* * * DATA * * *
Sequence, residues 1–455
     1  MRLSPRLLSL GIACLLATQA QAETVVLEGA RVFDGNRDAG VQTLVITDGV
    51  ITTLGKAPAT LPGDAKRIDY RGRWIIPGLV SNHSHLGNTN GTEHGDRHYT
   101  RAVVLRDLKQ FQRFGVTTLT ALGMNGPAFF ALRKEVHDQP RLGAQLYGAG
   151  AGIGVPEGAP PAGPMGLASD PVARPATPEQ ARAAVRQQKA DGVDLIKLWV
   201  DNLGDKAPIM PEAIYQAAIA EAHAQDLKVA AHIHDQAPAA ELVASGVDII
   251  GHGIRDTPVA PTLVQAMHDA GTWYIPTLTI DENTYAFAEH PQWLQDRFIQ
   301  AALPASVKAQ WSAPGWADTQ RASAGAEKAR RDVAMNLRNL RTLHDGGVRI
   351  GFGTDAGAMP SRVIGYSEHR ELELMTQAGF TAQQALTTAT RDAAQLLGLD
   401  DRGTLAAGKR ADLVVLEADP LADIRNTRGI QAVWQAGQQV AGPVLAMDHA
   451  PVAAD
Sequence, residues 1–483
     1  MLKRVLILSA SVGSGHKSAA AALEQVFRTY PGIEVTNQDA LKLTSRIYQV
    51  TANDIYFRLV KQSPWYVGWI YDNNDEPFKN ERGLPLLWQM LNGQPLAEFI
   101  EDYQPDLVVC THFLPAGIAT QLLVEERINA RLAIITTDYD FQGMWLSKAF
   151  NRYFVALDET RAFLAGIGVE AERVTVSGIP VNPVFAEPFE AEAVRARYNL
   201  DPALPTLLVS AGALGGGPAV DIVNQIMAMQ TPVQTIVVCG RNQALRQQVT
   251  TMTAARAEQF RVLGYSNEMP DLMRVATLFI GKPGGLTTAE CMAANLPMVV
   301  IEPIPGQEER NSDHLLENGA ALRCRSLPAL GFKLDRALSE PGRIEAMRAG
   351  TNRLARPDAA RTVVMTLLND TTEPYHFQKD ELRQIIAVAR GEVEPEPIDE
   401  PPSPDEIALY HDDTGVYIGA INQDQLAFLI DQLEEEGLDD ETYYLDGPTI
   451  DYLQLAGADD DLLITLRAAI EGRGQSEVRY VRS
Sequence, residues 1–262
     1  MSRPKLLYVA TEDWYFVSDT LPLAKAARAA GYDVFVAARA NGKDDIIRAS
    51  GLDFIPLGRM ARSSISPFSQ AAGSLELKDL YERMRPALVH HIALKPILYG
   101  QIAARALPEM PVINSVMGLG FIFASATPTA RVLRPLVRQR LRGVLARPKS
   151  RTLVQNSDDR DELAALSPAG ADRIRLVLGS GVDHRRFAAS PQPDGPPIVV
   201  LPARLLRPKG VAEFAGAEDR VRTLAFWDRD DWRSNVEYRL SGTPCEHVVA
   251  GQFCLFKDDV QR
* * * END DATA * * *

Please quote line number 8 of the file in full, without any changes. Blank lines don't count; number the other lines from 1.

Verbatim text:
   301  AALPASVKAQ WSAPGWADTQ RASAGAEKAR RDVAMNLRNL RTLHDGGVRI